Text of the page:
Mississippi Golf Hall of Fame
The Mississippi Golf Hall of Fame is the most prestigious award for golfers available in the state. In order to become eligible for recognition, a potential inductee must have had a Mississippi residence for over ten years, have had all of their major accomplishments occur within the state, or provide a notable service to the sport in Mississippi. Honorees are selected by a committee based off these requirements along with additional merits and are also considered based off of their adherence to golf’s core values and noble traditions. The following golfers were inducted into the hall of fame for its 2019, 2020, and 2021 considerations.
Following in his father’s first steps as a professional golfer, Louisiana native Johnny Pott had his start as a uniquely qualified golf player in college where he attended on a golf scholarship and won the NCAA championship in 1955. After winning five times on PGA tours, Pott was on several winning Ryder Cup teams. After his days as a professional golfer were over, Johnny Pott dedicated his life to developing well over fifty golf clubs and teams both in Mississippi and elsewhere.
Mississippi native Pete Brown gained most of his knowledge of golf by caddying at the Jackson golf course and turned professional in the mid-1950s. In the years that followed, Pete Brown became the first African American to win a PGA Tour event and only the second African-American to gain his PGA Tour Card. Brown competed on the PGA tour for nearly twenty years, and since worked in Dayton Ohio as the Lead Golf Professional at the Madden Golf Course.
Cissye Meeks Gallagher
Growing up in Greenwood, Mississippi, Cissye played golf on the boy’s team and continued on to play collegiate golf at Louisiana State University. She played one year on the LPGA but unfortunately had to retire early due to injury. Cissye Meeks Gallagher did,however, have a decorated amateur career, with several titles spanning between 1986 and 2015. She has worked hard to represent the women’s team in five USGA State Championships.
Longtime Mississippi resident Ken Lindsay holds several junior and amateur golfing titles, set records for his collegiate career at University of Memphis, had an outstanding record playing in the military after he joined the Air Force, and jumpstarted his professional career in Jackson, Mississippi. Lindsay moved on to be recognized as a major contributing factor in the PGA’s governing body in Mississippi as well as chapters representing all the gulf states and holds the 30th presidency of the PGA of America. Ken Lindsay is in over five golf-related halls of fame.
Robert A “Robbie” Webb Sr.
Robert A. Webb Sr is known to many golfers throughout the state of Mississippi as the “Godfather of Mississippi Golf” due to his time and investments into junior and amateur golfing across the state. Webb’s first Junior Amateur title was at the age of fourteen and went on in his later years to have a robust career in the PGA. Robert Webb Sr. has a legacy of coaching over 25 players to earn golf scholarships, state open titles, and state amateur titles. Robert Webb Sr. has his own day dedicated to his achievements, as designated by Mississippi Governor Haley Barbour on January 8th.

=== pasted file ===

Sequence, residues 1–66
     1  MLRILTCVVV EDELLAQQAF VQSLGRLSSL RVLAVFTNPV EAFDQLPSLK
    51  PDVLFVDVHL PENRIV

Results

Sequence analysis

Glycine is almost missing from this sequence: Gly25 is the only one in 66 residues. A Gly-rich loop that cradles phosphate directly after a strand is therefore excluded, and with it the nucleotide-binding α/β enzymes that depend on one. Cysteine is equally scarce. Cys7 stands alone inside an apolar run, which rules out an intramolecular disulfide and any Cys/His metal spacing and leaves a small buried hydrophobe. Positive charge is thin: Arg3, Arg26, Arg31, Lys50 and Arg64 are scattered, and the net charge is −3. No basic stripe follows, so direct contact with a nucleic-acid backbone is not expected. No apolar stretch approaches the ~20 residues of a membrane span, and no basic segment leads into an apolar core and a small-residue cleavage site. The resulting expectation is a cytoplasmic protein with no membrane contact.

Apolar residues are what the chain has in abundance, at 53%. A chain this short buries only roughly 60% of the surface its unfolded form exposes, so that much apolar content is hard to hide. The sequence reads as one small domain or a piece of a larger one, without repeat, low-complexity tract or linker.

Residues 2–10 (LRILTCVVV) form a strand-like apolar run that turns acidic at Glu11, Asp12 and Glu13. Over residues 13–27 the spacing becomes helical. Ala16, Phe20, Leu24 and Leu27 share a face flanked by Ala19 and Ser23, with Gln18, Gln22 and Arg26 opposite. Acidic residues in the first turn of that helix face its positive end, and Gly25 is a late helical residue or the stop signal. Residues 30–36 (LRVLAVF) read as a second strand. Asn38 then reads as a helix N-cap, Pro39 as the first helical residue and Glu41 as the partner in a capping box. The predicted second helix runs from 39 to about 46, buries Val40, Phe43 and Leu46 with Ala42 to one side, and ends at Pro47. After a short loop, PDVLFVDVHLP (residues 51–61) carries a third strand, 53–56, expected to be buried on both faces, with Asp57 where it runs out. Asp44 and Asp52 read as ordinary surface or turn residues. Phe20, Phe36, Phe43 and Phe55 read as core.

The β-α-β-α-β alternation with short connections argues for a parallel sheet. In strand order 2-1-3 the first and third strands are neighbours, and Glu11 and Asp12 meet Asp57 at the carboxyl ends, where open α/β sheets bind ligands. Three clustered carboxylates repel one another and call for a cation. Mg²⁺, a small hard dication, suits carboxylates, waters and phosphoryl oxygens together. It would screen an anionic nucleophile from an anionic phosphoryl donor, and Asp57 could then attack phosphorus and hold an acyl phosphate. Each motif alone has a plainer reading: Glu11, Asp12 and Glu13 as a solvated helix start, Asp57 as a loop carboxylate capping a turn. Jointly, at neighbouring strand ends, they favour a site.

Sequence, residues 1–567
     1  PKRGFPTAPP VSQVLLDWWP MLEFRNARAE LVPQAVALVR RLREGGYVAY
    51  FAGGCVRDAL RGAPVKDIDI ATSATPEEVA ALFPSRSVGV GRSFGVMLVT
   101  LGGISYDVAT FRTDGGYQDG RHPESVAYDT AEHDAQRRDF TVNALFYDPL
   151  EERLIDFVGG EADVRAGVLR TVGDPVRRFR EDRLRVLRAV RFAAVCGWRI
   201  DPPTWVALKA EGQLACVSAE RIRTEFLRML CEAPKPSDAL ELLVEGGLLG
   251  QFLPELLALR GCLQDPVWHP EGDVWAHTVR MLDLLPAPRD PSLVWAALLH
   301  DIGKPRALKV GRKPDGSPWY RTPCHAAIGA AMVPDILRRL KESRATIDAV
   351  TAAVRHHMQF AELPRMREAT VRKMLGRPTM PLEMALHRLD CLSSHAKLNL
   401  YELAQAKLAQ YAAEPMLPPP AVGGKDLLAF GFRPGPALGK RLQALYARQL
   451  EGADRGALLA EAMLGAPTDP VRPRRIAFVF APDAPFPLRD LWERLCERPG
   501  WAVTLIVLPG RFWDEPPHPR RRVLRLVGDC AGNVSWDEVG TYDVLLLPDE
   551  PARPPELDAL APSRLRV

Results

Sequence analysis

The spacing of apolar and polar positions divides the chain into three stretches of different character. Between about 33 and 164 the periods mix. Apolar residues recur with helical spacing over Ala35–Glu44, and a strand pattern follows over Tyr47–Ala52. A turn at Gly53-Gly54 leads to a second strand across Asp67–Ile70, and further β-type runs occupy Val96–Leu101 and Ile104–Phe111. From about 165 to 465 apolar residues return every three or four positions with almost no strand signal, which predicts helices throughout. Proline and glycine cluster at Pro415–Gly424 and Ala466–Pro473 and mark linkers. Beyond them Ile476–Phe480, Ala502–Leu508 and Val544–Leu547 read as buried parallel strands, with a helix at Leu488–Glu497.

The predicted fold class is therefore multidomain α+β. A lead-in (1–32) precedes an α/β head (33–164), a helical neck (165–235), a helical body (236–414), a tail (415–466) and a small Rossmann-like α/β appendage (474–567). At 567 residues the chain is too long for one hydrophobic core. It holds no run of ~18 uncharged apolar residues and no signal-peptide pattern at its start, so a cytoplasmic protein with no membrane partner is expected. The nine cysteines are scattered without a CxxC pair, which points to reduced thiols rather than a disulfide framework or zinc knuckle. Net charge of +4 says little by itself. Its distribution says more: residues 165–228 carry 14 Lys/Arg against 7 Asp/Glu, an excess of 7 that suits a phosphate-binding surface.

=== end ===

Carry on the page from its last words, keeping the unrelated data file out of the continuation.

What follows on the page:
Born in Canton, MS, Ben Nelson grew up playing at Canton Country Club before earning a spot on the Mississippi State University golf team, where he played until his graduation in 1966. His love of the game led him to pursue the position of Assistant Golf Pro. Then Head Golf Professional at Live Oaks Golf Club in Jackson, MS. Nelson served on the Board of the Gulf States Section of the PGA of America in various capacities in the 70s and 80s. He also served as a PGA TOUR Rules Official from 1987-1993 and PGA TOUR Tournament Director from 1993- 2003. From 2005 to 2008, he also served as Tournament Director for the PGA Champions Tour.
Lou Weddington Hart
Born and raised in Meridian, MS, Lou Weddington Hart found success early on during her days at Meridian Junior College and Florida State University. She would win her first of nine Mississippi Women’s State Amateurs in 1970. After college, she found her way to Northwood Country Club and Meridian Community College, where she coached from 1993-2006. She collected 7 NJCAA Region 23 Titles, a Runner-Up and 3rd Place finish in the NJCAA National Championship, and 3 MACJC State Championships. Throughout her life, she has continued to contribute to golf as two-time President of the MWGA and Secretary of NJCAA Golf Coaches Association. In 2003 was recognized by the MWGA for her contributions to golf in Mississippi.
Raised in Jackson, MS, Randy Watkins graduated from Manhattan Academy, where he was the MVP of the golf team all four years. At the age of 15, he won the PGA National Junior Championship in 1978. He was selected to play on the 1st PGA Junior Ryder Cup Team in 1979. Watkins played in over 40 PGA TOUR events in 84 and 85. His highest finishes were T-7 th in the Quad Cities Open and T-5 th in the Magnolia Classic. He also holds the title of 1st Mississippian ever to lead a round in the Magnolia Classic. Watkins also won the 1992 MPGA Invitational at Clarksdale Country Club. From 2005-2011 he also served as Tournament Director for the PGA TOUR’s Viking Classic.
Jim Gallagher, Jr.
Raised in Marion, IN, Jim Gallagher, Jr. signed to play golf for the University of Tennessee. As a member of the 1980 SEC Championship Team, he was named to the All-SEC Team in 1980 & 1982 and was an honorable mention for All-American. Gallagher turned pro and qualified for the PGA TOUR in 83. He competed full time until 2000 before playing a reduced schedule in 2001. Gallagher enjoyed eight tournament wins in his professional career. Since retiring, he has been a strong supporter of junior golf and worked as a golf analyst for numerous networks. In 1994 Gallagher was inducted into the Indiana Golf Association/PGA Hall of Fame.